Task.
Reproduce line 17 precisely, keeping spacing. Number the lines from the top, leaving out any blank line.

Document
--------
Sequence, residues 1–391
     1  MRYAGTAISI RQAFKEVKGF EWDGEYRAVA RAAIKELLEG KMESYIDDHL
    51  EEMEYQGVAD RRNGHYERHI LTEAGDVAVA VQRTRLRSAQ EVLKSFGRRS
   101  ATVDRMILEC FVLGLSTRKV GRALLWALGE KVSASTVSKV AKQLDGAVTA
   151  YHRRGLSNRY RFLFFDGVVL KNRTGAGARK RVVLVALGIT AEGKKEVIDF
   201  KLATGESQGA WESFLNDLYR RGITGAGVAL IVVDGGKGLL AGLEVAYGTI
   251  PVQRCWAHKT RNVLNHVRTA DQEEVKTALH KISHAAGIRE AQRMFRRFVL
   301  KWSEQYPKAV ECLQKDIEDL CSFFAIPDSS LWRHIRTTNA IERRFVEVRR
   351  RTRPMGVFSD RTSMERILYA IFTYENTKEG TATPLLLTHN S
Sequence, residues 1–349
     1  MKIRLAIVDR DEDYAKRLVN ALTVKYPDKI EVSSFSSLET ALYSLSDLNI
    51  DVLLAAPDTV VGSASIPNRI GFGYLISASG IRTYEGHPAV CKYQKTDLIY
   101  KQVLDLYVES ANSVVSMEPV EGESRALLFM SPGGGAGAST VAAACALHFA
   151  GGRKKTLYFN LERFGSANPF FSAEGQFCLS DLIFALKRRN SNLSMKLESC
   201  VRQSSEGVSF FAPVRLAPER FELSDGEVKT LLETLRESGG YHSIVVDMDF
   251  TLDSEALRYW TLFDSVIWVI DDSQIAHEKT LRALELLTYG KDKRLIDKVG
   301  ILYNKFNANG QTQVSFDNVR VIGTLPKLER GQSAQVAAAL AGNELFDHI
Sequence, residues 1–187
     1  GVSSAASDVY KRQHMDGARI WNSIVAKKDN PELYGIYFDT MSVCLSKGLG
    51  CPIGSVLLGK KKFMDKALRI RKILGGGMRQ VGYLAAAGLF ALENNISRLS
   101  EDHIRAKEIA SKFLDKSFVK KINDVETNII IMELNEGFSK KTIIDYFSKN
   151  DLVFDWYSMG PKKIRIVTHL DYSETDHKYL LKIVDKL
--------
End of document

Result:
   301  ILYNKFNANG QTQVSFDNVR VIGTLPKLER GQSAQVAAAL AGNELFDHI